KIND Deeply Disturbed by Murder of Two Migrant Boys from Honduras in Tijuana

December 19, 2018


Washington, DC — KIND is deeply disturbed by the murder of two migrant boys from Honduras in Tijuana. NBC News has reported that they were on their way to the Benito Juarez sports complex, where thousands of immigrants have been waiting for over five weeks to make their claim at the U.S. port of entry for protection. Kids in Need of Defense (KIND) visited Tijuana last week and saw dangerous and life-threatening conditions and no protection for children.

“These murders should never have happened,” said KIND President Wendy Young. “The failure of the U.S. and Mexican governments to live up to their international and domestic obligation to coordinate protection for vulnerable people seeking asylum has now resulted in the deaths of children – the worst possible outcome. Last week KIND saw first-hand the grave danger that many in and outside the camps are facing, particularly unaccompanied children, who are prey to human traffickers and other adults who could harm them.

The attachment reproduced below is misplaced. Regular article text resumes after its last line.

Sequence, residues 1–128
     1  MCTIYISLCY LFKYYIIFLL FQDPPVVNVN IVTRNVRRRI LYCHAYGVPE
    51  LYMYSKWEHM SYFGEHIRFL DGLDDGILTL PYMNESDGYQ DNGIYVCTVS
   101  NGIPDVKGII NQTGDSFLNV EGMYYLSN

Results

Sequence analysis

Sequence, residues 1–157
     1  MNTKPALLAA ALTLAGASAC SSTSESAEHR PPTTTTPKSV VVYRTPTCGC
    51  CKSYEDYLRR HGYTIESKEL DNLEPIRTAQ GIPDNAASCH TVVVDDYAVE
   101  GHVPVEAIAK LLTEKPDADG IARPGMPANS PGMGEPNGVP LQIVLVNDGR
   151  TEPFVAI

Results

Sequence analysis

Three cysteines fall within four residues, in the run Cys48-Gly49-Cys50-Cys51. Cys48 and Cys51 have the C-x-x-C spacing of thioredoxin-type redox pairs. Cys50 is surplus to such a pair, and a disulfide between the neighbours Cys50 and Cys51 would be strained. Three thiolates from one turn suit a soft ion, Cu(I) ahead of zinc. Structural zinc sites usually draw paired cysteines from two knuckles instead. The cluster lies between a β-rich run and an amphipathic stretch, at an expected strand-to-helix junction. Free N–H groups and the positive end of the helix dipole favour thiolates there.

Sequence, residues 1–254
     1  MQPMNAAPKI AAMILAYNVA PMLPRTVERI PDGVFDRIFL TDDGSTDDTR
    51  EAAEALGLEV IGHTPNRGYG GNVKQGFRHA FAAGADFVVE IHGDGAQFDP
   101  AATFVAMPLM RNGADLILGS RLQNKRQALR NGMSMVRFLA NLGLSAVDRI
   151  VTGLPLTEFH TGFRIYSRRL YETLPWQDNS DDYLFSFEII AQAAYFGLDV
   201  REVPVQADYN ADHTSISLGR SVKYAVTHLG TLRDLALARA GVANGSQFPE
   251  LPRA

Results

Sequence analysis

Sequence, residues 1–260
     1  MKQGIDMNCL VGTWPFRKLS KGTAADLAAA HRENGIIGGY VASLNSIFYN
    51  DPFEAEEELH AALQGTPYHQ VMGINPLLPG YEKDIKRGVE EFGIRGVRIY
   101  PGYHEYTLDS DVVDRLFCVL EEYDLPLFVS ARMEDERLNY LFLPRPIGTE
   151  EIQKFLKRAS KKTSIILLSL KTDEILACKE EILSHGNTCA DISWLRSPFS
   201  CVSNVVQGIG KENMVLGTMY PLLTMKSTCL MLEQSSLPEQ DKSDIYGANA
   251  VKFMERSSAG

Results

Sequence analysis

That thousands of people, including unaccompanied children and families with young children are being forced to wait in squalid and dangerous conditions with no protection at the United States’ backdoor is appalling and counter to decades of our country’s work in protecting the most vulnerable. The United States has laws designed to protect unaccompanied children from being turned back to danger, and yet they are being denied access.   In addition, the Mexican government should cease stopping children from accessing Customs and Border officials and the U.S. protection system.

Many of these migrants are fleeing gang violence in their home countries and are allowed under U.S. law to make their case for asylum.  They do not feel safe in Mexico and do not want to seek asylum there.

The United States needs immediately to restore capacity at the port of entry to allow asylum seekers to make their claims expeditiously and without delay – which U.S. Customs and Border Protection have the resources to do – and work with the Mexican government and the international community to create systems to provide for the health and safety of those at the border to ensure that the lives of children are never threatened again.



Media Contact: Megan McKenna,, 202-631-9990